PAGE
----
In 1995, the Karpin Report delivered comprehensive insight into Australia’s workplace leadership and provided recommendations on how to best develop business leaders. The report recognised the need for a robust ‘enterprise culture’ and spoke of ‘leadership competencies’ beyond traditional management. Twenty years on, how are we going?
It is no secret that Australian workplaces are facing significant challenges. From productivity slumps—the most recent International Monetary Fund (IMF) assessment of the Australian economy, forecast Australian GDP growth to underperform against the G7 average in each of the next five years; to the waning of the resource investment boom and sharp falls in the terms of trade; to an ageing population and drastic shifts in both the workforce and the ways in which we work. What we need now is a dynamic response that entails learning, investment and innovation. What we need now is 21st-century leadership capability.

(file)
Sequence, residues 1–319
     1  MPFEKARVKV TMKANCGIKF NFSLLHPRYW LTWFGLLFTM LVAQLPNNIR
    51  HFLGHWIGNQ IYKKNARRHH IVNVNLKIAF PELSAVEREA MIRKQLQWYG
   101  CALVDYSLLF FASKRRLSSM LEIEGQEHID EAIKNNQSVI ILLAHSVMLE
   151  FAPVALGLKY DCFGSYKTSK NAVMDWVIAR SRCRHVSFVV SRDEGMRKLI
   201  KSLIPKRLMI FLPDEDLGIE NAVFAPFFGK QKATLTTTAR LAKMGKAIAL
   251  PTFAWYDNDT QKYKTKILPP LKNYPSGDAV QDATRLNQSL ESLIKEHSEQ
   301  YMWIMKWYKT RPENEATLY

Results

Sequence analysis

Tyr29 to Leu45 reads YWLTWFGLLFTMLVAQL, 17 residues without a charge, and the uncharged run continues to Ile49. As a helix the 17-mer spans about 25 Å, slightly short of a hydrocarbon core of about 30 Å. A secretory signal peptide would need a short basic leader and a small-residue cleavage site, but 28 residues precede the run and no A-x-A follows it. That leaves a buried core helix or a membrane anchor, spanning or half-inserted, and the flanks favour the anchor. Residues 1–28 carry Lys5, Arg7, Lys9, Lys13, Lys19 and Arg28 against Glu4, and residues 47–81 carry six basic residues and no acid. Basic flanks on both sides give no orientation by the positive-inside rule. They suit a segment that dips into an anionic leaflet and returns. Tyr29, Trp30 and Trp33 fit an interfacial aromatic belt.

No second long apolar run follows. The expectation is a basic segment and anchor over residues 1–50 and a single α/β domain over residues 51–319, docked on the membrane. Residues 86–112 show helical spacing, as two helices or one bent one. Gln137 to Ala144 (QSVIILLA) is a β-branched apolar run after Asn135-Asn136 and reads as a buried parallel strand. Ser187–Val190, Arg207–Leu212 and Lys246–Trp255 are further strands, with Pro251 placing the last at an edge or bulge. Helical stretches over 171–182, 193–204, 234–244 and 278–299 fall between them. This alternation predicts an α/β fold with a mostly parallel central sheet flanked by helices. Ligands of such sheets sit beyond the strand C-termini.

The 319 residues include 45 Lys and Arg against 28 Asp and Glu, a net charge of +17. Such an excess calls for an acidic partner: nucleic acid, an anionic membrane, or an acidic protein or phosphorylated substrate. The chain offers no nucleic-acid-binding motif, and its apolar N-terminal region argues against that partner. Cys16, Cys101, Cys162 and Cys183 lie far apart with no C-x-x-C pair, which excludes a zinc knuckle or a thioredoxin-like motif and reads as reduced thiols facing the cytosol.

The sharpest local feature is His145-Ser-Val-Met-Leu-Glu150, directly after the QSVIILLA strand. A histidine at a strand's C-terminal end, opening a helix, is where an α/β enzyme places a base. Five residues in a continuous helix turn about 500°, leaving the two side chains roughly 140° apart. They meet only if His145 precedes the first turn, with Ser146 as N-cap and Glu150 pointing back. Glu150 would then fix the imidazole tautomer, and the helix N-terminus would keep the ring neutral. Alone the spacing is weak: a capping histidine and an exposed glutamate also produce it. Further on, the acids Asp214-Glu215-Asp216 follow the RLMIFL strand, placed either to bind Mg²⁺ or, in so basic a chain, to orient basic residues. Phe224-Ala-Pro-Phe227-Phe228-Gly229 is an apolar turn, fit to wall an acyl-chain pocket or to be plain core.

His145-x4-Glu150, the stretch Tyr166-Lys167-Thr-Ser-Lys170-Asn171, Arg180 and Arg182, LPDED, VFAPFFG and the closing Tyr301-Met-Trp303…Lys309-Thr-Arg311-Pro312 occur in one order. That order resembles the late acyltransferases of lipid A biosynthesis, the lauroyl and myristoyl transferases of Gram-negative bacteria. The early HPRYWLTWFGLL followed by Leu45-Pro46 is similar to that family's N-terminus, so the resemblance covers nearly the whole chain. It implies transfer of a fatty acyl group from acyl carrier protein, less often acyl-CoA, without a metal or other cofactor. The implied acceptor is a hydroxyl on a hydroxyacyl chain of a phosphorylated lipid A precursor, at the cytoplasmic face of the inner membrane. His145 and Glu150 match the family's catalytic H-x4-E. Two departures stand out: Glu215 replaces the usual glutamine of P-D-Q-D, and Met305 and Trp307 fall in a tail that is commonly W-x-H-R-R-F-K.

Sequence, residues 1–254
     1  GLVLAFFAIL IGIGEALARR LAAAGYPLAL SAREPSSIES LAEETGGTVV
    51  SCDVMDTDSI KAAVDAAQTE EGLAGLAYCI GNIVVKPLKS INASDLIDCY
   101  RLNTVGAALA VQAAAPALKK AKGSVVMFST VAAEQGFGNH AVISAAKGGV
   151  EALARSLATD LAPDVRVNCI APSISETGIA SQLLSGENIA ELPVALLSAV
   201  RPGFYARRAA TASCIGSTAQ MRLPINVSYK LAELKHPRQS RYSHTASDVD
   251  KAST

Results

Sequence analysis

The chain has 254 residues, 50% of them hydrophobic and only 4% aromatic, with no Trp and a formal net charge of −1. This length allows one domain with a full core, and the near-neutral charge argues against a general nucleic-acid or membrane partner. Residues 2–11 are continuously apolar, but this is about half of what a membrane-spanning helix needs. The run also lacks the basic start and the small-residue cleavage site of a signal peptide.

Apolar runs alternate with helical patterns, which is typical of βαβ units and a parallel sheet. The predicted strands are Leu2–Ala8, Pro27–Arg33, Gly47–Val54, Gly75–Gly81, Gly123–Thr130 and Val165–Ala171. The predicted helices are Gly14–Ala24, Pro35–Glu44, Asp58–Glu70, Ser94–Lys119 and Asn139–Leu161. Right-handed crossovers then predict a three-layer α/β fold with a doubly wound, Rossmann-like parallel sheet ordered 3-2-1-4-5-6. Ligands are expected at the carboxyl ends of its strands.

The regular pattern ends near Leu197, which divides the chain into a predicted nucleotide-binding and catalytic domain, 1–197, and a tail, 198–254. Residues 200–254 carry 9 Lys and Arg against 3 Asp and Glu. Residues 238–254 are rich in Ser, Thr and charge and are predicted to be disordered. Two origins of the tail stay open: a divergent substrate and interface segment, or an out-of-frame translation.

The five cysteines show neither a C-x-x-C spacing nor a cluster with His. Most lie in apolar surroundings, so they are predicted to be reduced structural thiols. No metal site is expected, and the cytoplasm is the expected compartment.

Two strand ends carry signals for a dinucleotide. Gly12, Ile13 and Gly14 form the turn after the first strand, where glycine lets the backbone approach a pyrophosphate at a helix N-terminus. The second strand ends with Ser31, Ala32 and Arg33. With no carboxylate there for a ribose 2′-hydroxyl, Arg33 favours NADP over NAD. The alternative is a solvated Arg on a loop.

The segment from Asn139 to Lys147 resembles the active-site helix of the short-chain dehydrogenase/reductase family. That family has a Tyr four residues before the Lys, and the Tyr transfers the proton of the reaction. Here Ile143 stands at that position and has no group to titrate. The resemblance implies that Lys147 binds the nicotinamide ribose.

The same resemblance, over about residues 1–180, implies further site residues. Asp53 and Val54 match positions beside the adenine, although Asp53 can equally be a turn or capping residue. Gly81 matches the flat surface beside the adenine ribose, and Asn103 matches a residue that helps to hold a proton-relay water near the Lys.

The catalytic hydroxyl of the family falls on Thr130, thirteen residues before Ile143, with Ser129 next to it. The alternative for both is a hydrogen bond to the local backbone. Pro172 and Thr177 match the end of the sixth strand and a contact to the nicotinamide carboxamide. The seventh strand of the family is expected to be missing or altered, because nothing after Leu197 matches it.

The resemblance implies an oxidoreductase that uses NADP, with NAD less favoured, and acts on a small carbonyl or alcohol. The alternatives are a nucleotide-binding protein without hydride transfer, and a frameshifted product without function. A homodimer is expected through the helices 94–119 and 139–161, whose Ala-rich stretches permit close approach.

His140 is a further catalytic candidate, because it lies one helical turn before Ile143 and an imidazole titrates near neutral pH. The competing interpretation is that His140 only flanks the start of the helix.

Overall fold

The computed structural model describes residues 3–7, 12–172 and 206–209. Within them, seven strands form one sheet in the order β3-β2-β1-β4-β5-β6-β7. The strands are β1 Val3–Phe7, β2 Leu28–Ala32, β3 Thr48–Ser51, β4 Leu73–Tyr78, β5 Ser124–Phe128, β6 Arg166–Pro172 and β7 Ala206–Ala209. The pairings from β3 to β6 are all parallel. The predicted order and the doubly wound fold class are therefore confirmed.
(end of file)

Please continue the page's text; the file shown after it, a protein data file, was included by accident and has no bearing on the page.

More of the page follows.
But, in our contemporary world, characterised by rapid change, leadership is becoming an increasingly complex concept. On a global scale, we are more interconnected than ever before. Economies have become more integrated; the flows of goods, services, capital and people have become greater. The economic and social ties that bind our economy to the Asian region in particular have never been stronger, especially as newly developing and transition economies have accounted for an increasing proportion of world production and trade.